The Frillback Pigeon- Breed Guide

These frilly-looking pigeons live up to their names with their curly feathered coats. They are exceptionally unique-looking birds and are a type of fancy pigeon. Read on to find out more about these adorable ’80s looking birds!


Along with most fancy pigeon breeds, the Frillback was originally bred from mutations of the wild Rock pigeon. Frillbacks have been selectively bred for hundreds of years, though there is no particular known origin of when they were first bred.

The Frillback Pigeon- Breed Guide

They look very far removed from their wild roaming origins in Rock pigeon and their unique coat has been selectively bred to have a huge range of colors and textures.

They are thought to have originated in Asia, namely Turkey, Greece, Iran, Armenia, and neighboring countries over the whole of Asia Minor. They are also said to be amongst the many breeds of birds kept by Charles Darwin.

Their unique and dazzling feather texture makes them an interesting-looking pet or companion bird but they are usually bred as show birds.

In the US, there are strict standards as to what constitutes a Frillback pigeon and they are a popular choice amongst bird owners for their huge variety of colors and textures.  


Living up to their names, they have a frilly-looking coat that almost looks like perfectly permed curls. Their curly coats can come in a huge range of colors, some rarer than others. For US breeding shows, they are divided into six categories of feather color- listed below- 

  1. Self – this is the most common and consists of white/beige, dark blue-black, red and yellow
  2. Patterned– this is usually a mottled effect coming in a range of colors including red, yellow, beige, and white.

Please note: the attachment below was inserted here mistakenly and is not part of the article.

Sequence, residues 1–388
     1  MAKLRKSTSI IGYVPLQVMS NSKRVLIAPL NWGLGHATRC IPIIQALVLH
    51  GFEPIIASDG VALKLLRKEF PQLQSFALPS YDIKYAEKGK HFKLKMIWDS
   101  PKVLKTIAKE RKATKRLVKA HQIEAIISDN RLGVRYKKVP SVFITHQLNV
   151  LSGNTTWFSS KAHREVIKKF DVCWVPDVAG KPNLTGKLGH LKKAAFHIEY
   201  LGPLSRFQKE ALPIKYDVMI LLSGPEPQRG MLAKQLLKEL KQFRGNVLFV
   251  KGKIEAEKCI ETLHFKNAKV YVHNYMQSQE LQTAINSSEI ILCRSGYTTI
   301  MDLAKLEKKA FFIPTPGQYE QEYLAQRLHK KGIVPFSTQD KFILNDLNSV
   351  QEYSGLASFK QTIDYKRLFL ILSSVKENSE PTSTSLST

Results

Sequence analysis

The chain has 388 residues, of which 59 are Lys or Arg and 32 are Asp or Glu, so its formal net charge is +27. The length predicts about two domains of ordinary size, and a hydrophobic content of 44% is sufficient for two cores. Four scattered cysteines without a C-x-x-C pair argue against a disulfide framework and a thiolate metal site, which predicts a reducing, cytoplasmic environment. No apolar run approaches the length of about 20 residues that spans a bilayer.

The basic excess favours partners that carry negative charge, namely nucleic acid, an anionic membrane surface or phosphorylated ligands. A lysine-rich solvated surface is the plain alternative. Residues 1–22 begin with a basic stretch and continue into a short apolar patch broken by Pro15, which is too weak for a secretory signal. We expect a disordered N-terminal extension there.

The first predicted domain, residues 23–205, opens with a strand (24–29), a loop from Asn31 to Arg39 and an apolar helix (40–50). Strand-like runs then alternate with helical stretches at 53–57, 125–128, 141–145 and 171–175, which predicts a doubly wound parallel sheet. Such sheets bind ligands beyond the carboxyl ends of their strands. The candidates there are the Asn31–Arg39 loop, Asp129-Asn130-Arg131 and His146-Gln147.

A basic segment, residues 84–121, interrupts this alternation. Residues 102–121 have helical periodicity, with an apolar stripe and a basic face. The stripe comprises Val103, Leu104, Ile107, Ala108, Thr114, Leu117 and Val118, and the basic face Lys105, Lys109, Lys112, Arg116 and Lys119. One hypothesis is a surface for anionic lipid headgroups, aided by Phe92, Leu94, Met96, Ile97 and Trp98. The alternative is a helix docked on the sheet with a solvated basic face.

3. Grizzle – red, yellow, blue, silver
  4. Shield marked – this refers to the markings on the crest of the bird and comes in a range of colors- red, yellow, blue to black bar, silver to dun bar, mealy ash to red bar, ashy to cream

There are also two additional categories for rare colors and unique markings which are always sought after by breeders and bird shows. Frillbacks are slightly larger than standard breeds of pigeon, and also have added bulk due to their fluffy-looking feathers.

The ‘frills’ are only on the backs of their wings, hence their name. They have long tails and a long beak, which varies in color.

Along with its classic curls, the frillback also has a distinctive fanned-out tail. White coated birds are less common, though possible to breed- they are unpredictable however as two white Frillbacks will rarely produce white offspring.

Frillbacks have eyes in line with their beak- usually their eyes are red to amber color but this differs with breeding and genes as shield marked Frillbacks will usually have black eyes.

They can also have grey or pearlescent eyes but this is quite rare. Their beaks are long, often with their upper beak protruding slightly more than their lower beak. Again, the color depends on the particular feather markings.